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8The Daily Tar HeelFriday, September 24, 1982
Lacrosse Blue-White game
on Navy Field at 8 p.m. tonight
Cross Country teams compete in
only home meet Sat. at 11 a.m.
at Finley Golf Course.
Army football troops
By LINDA ROBERTSON
One of West Point's most famous
graduates, Gen. Douglas Mac Arthur,
was referring to the Philippines rather
than Chapel Hill when he announced, "I
shall return" back in 1942.
Army football coach Ed Cavanaugh
returns to a familiar battlefield, meta
phorically speaking, when he and his
Cadets invade Kenan Stadium Saturday.
Cavanaugh graduated from Duke in 19S1
and was a defensive lineman for the Blue
"The Duke-UNC rivalry was very in
tense back then," Cavanaugh said from
New York. "North Carolina had a couple
of great years and (Charlie) Choo Choo
Justice gave us a hard time. I never did
Cavanaugh doesn't anticipate contain
ing the multi-faceted UNC offense 22
"We're still building this program and
struggling against inconsistency," he
said. "We're just not a big, strong foot
ball team yet, and certainly not Top 20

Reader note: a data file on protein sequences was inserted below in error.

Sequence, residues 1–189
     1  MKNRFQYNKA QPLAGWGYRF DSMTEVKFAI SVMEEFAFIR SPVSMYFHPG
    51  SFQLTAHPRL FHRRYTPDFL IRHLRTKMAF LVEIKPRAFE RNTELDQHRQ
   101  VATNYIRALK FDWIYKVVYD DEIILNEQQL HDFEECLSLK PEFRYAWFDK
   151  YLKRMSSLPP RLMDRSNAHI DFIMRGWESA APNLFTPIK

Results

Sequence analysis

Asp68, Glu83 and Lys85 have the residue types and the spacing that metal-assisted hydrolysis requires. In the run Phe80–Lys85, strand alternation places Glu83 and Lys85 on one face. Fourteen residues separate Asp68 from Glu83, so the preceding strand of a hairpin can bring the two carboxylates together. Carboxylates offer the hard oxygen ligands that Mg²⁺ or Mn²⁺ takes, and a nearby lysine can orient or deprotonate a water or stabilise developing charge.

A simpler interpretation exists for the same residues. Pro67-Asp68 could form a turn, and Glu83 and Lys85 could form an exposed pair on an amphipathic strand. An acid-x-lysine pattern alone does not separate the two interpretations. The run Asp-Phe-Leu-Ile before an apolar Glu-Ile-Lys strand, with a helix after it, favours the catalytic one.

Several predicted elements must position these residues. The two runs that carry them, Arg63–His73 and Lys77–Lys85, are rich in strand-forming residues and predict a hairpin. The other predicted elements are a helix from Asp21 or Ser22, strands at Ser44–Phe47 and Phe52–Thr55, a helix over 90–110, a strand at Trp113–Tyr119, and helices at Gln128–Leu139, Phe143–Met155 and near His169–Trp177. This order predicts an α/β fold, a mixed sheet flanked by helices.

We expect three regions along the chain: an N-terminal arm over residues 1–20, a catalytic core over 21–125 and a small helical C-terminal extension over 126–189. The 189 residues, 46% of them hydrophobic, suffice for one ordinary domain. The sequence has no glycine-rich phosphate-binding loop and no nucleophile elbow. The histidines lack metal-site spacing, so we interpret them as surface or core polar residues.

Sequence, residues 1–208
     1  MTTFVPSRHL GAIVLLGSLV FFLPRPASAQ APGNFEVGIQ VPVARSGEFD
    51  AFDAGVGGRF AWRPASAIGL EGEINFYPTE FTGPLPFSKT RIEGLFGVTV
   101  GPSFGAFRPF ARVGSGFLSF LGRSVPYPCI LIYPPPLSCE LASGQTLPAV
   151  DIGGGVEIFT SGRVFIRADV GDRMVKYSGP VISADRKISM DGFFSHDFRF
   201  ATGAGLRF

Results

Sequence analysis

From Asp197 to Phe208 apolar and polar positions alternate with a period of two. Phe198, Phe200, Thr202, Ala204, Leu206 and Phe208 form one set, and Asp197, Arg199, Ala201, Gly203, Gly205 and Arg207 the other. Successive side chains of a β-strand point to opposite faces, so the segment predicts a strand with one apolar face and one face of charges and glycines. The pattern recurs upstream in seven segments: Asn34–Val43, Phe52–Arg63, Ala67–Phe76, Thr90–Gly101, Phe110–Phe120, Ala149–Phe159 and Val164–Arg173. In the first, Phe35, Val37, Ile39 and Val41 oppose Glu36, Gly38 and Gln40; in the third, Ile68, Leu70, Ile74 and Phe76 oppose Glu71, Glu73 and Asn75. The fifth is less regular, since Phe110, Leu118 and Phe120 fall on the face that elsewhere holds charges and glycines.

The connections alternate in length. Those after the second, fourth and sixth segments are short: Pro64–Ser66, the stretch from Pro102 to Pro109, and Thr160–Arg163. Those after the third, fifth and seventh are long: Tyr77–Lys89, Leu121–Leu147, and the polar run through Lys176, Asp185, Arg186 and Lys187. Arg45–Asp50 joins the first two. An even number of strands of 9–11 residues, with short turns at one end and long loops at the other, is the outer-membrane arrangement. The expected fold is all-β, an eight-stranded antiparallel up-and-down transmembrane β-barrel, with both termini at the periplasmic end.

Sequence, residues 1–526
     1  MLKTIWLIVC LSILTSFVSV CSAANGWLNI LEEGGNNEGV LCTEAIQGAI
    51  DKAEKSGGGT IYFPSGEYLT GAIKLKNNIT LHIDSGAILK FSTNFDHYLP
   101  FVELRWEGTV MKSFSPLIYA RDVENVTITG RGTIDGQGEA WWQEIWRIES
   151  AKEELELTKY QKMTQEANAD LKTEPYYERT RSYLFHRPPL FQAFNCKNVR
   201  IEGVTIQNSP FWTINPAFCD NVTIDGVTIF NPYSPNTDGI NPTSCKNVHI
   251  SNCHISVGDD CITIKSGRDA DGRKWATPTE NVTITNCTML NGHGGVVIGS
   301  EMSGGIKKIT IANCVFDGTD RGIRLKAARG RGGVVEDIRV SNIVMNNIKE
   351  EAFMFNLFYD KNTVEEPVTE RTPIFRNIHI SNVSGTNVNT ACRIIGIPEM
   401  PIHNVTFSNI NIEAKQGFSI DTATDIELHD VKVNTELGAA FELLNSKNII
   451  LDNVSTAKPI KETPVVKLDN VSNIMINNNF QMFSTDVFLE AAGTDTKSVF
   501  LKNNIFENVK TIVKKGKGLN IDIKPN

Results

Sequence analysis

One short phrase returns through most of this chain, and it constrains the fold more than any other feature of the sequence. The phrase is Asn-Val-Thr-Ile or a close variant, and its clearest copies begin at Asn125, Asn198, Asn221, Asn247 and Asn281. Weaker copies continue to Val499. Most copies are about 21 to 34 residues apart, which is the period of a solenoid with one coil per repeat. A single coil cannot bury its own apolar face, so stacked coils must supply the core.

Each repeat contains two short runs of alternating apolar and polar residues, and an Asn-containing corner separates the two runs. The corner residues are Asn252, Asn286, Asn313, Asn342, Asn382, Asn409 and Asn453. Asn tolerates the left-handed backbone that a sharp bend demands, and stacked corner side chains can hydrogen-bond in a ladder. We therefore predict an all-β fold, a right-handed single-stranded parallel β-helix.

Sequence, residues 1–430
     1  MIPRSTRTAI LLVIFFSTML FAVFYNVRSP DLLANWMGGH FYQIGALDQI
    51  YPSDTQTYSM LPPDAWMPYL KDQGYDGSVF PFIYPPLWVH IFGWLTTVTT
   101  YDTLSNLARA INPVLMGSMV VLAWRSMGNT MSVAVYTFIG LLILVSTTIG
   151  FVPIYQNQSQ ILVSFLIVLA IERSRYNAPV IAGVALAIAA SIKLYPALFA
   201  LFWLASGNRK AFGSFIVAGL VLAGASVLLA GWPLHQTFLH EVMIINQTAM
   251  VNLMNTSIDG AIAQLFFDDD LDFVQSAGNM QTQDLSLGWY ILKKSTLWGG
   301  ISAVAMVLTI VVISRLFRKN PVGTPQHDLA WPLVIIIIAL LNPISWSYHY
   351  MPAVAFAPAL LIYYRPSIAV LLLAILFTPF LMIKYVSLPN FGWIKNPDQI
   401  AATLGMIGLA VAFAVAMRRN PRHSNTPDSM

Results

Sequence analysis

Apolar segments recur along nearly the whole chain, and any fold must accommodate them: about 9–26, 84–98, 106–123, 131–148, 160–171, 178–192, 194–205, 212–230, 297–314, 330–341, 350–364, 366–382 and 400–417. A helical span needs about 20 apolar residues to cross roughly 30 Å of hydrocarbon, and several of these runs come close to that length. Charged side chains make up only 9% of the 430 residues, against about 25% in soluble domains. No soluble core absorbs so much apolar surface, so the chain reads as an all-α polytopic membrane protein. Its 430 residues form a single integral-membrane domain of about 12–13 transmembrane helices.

material. Compared to the people you're
used to seeing, we don't match up
Nevertheless, Army, 3-7-1 last year,
held Missouri to 10 points for three
quarters before losing 23-10 on the road,
and defeated Lafayette 26-20 in Michie
Stadium last week.
"We made some mistakes against
Lafayette. Our defense did a good job
against Missouri, but then we gave up
two quick scores," Cavanaugh said. "It
wouldn't hurt for us to have a couple
260-pound tackles like they do at North
Carolina. It's a quick group but not very
big. We try to make up for that with ag
gressiveness and speed. The experienced
secondary is probably our strength at this
Senior All-America candidate Mike
Williams is at free safety and Joe Hamp
ton returns at strong safety. Dee Bryant
and Tim Morgan are at the corners.
Army lost 27 lettermen to graduation,
and was most depleted along the defen
sive line. Darryl Williams didn't start a
" single game last season but was a reserve
at right tackle. Junior Brian Gibbons has
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taken over the left tackle spot. Ends Bob
Wood and Larry Carroll anchor the line.
"We lost one of our finest linebackers,
Danny Kessler, because of a knee
injury," Cavanaugh said. "He was our
only senior. The rest of our linebackers
lack experience, but they are quick."
Sophomores Jim Gentile and John
Roney, both just 6', will team with junior
Jim Mitroka at linebacker.
Cavanaugh also Tias some big holes to
fill on the offensive line. Only center Joe
Bassil lettered among the starters.
Sophomore Pete Edmonds and junior
Ron Reusch have moved into the guard
positions. At tackle, Bill Kimels the line's
biggest player at 6'5", 270. Sophomore
Karl Heineman is the other offensive
Two quarterbacks have shared time so
far this season. Sophomore Nate
Sassaman, the probable starter, is 16 of
29 for 182 yards and threw an 8-yard
touchdown pass to Jarvis Hollingsworth